Andrea Lobo, PhD, science writer —

Andrea Lobo holds a PhD in cell biology/neurosciences from the University of Coimbra-Portugal, where she studied stroke biology. As a research scientist for 19 years, she participated in academic projects in multiple research fields, from stroke, gene regulation, addition, and rare diseases. She has authored several research papers in peer-reviewed journals.

Articles by Andrea Lobo

Neuro Night event to raise funds for neurological care, research

Neuro Night, a philanthropic event set for October in Scottsdale, Arizona, is raising funds for the Barrow Neurological Institute and its mission of supporting the lifesaving care, medical education, and research for neurological diseases. The star-studded night of music, dancing, and fundraising, hosted by the Barrow Neurological Foundation,…

Mavenclad lowers relapse rates, helps RRMS patients reach NEDA-3

Treatment with Mavenclad (cladribine), an approved short-course oral therapy for relapsing forms of multiple sclerosis (MS), significantly reduced patients’ relapse rates and the development of new lesions while keeping disability stable over two years, according to a real-world study in Kuwait. Among patients who completed the two courses…

Web-based wellness program improves life quality, lowers fatigue

A web-based wellness intervention program that educated multiple sclerosis (MS) patients on dietary plans, stress management, sleep, and exercise recommendations significantly improved their fatigue and quality of life, according to data from a clinical study. The study, “Evaluation of a web-based program for the adoption of wellness behaviors…

CPT code issued for MRI brain scan software by Icometrix

Icometrix‘s quantification software for brain MRI scans has received a Current Procedural Terminology (CPT) III code, a temporary code for emerging technologies that should facilitate reimbursement. CPT codes, issued by the American Medical Association, are designed to identify procedures and services in healthcare plans. They are used in the…

Briumvi’s permanent J-code will aid reimbursement for MS patients

The recently approved CD20 inhibitor Briumvi (ublituximab-xiiy) has received a permanent insurance reimbursement code that will simplify claims submissions and documentation processes for adults in the U.S. with relapsing forms of multiple sclerosis who are prescribed it. Issued by the U.S. Centers for Medicare and Medicaid Services, the…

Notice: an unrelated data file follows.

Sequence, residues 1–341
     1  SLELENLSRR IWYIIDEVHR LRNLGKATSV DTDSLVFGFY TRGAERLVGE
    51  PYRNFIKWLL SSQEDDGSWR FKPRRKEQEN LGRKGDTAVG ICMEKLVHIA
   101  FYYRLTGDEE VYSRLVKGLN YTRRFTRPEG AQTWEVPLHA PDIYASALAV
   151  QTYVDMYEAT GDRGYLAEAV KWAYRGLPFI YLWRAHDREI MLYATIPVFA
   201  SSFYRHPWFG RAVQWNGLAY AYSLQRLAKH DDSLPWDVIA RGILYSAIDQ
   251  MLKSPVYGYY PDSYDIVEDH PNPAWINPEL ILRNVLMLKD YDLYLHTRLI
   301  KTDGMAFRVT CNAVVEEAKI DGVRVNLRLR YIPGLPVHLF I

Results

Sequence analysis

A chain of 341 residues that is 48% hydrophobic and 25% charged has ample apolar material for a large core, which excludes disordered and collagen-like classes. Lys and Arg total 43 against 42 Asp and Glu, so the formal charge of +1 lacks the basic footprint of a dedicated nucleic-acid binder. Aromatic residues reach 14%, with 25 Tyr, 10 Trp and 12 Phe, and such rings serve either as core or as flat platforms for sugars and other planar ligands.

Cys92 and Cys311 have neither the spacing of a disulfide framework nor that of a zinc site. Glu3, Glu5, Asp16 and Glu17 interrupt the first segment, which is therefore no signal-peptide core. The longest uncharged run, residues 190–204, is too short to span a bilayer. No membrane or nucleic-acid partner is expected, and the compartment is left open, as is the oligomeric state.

Aidaptus auto-injector wins Red Dot award for product design

Owen Mumford‘s Aidaptus auto-injector, which lets a wide range of under-the-skin medications to be administered, has won a Red Dot Award in the Product Design 2023 category. Launched in 2021, Aidaptus is a disposable auto-injector whose design fits multiple-sized prefilled glass syringes without changing parts. This could provide…

Cariloop partners with Walgreens to support MS patients, caregivers

Cariloop has teamed up with Walgreens to provide support services at select neurology-specialty pharmacies to people with multiple sclerosis (MS) and their caregivers. Through its caregiver platform, Cariloop offers services such as professional counseling and cloud-based tools to help families manage challenges and plan for caregiving-associated activities.

Early treatment with Mavenclad, antibodies eased highly active MS

Early treatment with Mavenclad (cladribine) or monoclonal antibodies is more likely to control symptoms in people with highly active multiple sclerosis (MS), a study in Argentina suggests. Highly active disease usually is considered when frequent relapses occur and there is an increasing burden of brain magnetic resonance imaging…

Quitting smoking or moving to snuff may help slow MS progression

Smoking and exposure to secondhand smoke are both associated with significantly faster disease progression in people with multiple sclerosis (MS), but snuff, a smokeless tobacco product placed behind the upper lip, seems to slow MS progression, a study in Sweden suggests. Findings also linked smoking and secondhand exposure, also…

Drinking coffee and tea may protect against MS, study says

People who drink black and green tea, coffee, and nonalcoholic beer may be significantly less likely to develop multiple sclerosis (MS), a study in Iran has found. In contrast, consuming carbonated beverages, milk, and natural fruit juices seems to increase the chances of developing the neurodegenerative condition, according to…

Greater MS disability reported in patients with COVID-19 infection

Infection with the virus that causes COVID-19 significantly accelerates neurological disability in people with multiple sclerosis (MS), at least in the first months after infection, a study from Belgium reported. A more severe case of COVID-19, one requiring hospitalization, also significantly associated with a faster worsening of MS…

WHO asked to add 3 MS treatments to its list of ‘essential medicines’

Aiming to promote equitable access to multiple sclerosis (MS) treatments worldwide, an international MS alliance is asking that three disease-modifying therapies (DMTs) be added to the World Health Organization’s (WHO) list of essential medicines. Inclusion on the WHO list is considered an important if “initial” step in assuring that helpful treatments…